Ivermectin for preventing and treating COVID-19

COVID-19 artist concept illustration

Is ivermectin effective for COVID‐19? Updated Cochrane review 'Ivermectin for preventing and treating COVID‐19'

Key messages

  • We found no evidence to support the use of ivermectin for treating COVID‐19 or preventing SARS‐CoV‐2 infection. The evidence base improved slightly in this update, but is still limited.
  • Evaluation of ivermectin is continuing in 31 ongoing trials, and we will update this review again when their results become available.  

What is ivermectin?
Ivermectin is a medicine used to treat parasites, such as intestinal parasites in animals, and scabies in humans. It is inexpensive and is widely used in regions of the world where parasitic infestations are common. It has few unwanted effects.  

Medical regulators have not approved ivermectin for COVID‐19.

What did we want to find out?
We wanted to update our knowledge of whether ivermectin reduces death, illness, and length of infection in people with COVID‐19, or is useful in prevention of the infection. We included trials comparing the medicine to placebo (dummy treatment), usual care, or treatments for COVID‐19 that are known to work to some extent, such as dexamethasone. We excluded trials comparing ivermectin to other medicines that do not work, like hydroxychloroquine, or whose effectiveness against COVID‐19 is uncertain.

We evaluated the effects of ivermectin in infected people on:

  • people dying;
  • whether people's COVID‐19 got better or worse;
  • quality of life;
  • serious and non‐serious unwanted effects;
  • viral clearance.

For prevention, we sought the effect on preventing SARS‐CoV‐2 infection and COVID‐19 disease.

What did we do?
We searched for randomized controlled trials that investigated ivermectin to prevent or treat COVID‐19. People treated in hospital or as outpatients had to have laboratory‐confirmed COVID‐19.

In this update, we also investigated the trustworthiness of the trials and only included them if they fulfilled clear ethical and scientific criteria.

We compared and summarized the results of the trials and rated our confidence in the evidence, based on common criteria such as trial methods and sizes.

What did we find?
We excluded seven of the 14 trials included in the previous review as these trials did not fulfil the expected ethical and scientific criteria. Together with four new trials, we included 11 trials with 3409 participants that investigated ivermectin combined with any usual care compared to the same usual care or placebo.

For treatment, there were five trials of people in hospital with moderate COVID‐19 and six trials of outpatients with mild COVID‐19. The trials used different doses of ivermectin and different durations of treatment.  

No trial investigated ivermectin to prevent SARS‐CoV‐2 infection.

We also found 31 ongoing trials, and an additional 28 trials still requiring clarification from the authors or not yet published.

Main results  

Treating people in hospital with COVID‐19

We do not know whether ivermectin compared with placebo or usual care 28 days after treatment:

  • leads to more or fewer deaths (3 trials, 230 people);
  • worsens or improves patients' condition, assessed by need for ventilation or death (2 trials, 118 people);
  • increases or reduces serious unwanted events (2 trials, 197 people).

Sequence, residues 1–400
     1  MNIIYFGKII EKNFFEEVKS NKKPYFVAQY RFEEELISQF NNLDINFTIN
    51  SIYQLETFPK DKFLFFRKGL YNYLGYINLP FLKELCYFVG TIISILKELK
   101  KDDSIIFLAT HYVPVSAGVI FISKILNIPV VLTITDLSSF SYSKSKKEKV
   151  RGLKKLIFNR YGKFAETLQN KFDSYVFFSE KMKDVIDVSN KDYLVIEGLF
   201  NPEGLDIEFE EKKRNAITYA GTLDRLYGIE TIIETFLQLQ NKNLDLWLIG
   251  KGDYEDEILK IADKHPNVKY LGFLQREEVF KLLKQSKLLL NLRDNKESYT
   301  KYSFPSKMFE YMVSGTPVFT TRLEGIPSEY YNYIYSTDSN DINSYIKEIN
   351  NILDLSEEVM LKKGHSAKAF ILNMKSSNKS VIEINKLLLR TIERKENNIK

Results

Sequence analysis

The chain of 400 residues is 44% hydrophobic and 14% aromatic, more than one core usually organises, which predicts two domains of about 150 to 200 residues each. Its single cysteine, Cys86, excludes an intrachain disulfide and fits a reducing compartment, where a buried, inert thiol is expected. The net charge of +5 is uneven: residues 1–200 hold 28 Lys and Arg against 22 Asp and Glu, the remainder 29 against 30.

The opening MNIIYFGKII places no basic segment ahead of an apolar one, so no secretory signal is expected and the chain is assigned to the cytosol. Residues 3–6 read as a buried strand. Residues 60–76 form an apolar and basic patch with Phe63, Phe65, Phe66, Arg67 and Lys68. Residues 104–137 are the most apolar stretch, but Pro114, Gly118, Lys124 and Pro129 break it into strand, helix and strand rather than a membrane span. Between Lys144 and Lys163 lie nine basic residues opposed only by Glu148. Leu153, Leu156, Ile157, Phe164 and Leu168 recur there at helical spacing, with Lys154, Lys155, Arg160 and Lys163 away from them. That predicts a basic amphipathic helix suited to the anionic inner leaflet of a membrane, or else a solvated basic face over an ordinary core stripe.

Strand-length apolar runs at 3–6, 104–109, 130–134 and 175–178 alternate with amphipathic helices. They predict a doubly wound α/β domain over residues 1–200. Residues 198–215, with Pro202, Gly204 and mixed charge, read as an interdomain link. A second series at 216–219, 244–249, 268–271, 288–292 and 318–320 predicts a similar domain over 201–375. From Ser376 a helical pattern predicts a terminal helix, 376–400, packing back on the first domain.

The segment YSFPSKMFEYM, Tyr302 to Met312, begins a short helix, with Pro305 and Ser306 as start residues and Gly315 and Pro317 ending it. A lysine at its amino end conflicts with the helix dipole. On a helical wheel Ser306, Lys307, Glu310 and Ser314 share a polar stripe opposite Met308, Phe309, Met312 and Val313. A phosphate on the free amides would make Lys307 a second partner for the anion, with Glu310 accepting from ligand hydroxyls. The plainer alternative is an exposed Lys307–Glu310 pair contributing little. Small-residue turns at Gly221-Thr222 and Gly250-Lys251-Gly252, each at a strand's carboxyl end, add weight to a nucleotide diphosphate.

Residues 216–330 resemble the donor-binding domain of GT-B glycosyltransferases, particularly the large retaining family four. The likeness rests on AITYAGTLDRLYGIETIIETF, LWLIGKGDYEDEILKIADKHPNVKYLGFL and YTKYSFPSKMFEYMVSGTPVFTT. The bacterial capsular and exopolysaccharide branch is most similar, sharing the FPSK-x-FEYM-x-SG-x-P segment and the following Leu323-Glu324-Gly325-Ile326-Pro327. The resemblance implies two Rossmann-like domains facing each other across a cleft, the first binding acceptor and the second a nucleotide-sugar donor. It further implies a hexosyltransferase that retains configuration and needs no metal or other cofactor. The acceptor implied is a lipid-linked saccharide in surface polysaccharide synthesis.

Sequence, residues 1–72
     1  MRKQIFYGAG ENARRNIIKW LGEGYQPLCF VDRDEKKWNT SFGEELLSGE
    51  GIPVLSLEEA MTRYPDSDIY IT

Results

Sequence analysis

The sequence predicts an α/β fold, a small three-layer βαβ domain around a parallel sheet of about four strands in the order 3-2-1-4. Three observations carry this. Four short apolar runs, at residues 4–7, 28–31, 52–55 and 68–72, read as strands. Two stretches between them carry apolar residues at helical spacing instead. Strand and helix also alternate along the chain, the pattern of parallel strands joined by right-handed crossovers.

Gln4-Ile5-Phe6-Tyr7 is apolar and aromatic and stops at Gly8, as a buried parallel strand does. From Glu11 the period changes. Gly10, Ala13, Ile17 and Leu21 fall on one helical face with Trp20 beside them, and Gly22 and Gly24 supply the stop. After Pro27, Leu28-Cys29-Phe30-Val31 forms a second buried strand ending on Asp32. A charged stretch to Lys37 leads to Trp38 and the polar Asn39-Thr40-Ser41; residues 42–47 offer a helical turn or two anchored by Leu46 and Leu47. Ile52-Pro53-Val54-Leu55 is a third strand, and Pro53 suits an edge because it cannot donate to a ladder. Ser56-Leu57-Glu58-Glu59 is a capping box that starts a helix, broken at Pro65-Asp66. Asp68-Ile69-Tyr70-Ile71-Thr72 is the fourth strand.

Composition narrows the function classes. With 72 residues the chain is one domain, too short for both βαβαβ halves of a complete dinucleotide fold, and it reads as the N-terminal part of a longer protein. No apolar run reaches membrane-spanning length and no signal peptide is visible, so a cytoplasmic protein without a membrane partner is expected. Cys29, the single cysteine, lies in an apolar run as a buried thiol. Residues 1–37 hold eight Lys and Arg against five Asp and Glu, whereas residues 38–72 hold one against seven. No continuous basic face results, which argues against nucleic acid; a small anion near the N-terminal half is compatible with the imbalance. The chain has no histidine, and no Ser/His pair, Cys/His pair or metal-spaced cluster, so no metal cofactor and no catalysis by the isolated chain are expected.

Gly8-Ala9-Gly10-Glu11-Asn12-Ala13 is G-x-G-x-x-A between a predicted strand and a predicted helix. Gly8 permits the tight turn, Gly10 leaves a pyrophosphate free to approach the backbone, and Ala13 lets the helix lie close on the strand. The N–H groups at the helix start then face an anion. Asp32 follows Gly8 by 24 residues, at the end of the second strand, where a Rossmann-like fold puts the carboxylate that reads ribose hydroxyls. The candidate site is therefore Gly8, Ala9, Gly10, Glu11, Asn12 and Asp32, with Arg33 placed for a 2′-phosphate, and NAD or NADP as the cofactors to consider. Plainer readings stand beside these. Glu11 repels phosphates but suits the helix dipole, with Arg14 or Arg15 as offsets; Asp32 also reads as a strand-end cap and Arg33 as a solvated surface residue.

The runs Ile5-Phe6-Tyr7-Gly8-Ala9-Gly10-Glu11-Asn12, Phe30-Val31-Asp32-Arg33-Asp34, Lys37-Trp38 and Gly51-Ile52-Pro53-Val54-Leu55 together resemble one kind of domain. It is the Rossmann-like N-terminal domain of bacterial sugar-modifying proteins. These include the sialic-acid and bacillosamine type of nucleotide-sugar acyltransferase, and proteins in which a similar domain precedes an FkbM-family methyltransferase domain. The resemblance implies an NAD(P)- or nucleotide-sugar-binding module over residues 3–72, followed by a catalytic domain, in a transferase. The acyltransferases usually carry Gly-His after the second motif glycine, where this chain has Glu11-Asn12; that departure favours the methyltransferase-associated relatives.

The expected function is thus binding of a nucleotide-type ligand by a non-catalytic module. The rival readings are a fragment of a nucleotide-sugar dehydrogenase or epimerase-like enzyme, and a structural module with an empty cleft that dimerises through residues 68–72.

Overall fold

Ivermectin compared with placebo or usual care 28 days after treatment, may make little or no difference to:

  • improving patients' condition, assessed by discharge from hospital (1 trial, 73 people);
  • non‐serious unwanted events (3 trials, 228 participants). 

Seven days after treatment, ivermectin may make little or no difference to reduction of negative COVID‐19 tests (3 trials, 231 participants) compared with placebo or usual care.

Treating outpatients with COVID‐19
Ivermectin compared with placebo or usual care 28 days after treatment, probably makes little or no difference to people dying (6 trials, 2860 people).

Ivermectin compared with placebo or usual care 28 days after treatment, makes little or no difference to quality of life (1 trial, 1358 people).

Ivermectin compared with placebo or usual care 28 days after treatment, may make little or no difference to:

  • worsening patients' condition, assessed by admission to hospital or death (2 trials, 590 people);
  • serious unwanted events (5 trials, 1502 people);
  • non‐serious unwanted events (5 trials, 1502 participants);
  • improving people's COVID‐19 symptoms in the 14 days after treatment (2 trials, 478 people);
  • number of people with negative COVID‐19 tests 7 days after treatment (2 trials, 331 people).

Review authors, Dr Maria Popp and Dr Stephanie Weibel said:

“Overall, the outlook for ivermectin’s use to treat or prevent SARS-CoV-2 is poor. While laboratory results showed some promise, real-life outcomes suggest no or very little impact on mortality rates, illness, and length of infection.”

What are the limitations of the evidence?
Our confidence in the evidence, especially for outpatients, improved since the last review version, because we could look at more participants included in high‐quality trials. Although we are quite certain regarding our results on risk of people dying and quality of life, the confidence in the evidence is still low for many other outpatient and inpatient outcomes because there were only few events measured. The methods differed between trials, and they did not report everything we were interested in, such as relevant outcomes.

How up to date is this evidence?
The systematic literature search is up to date to 16 December 2021. Additionally, we included trials with > 1000 participants up to April 2022.


Wednesday, June 22, 2022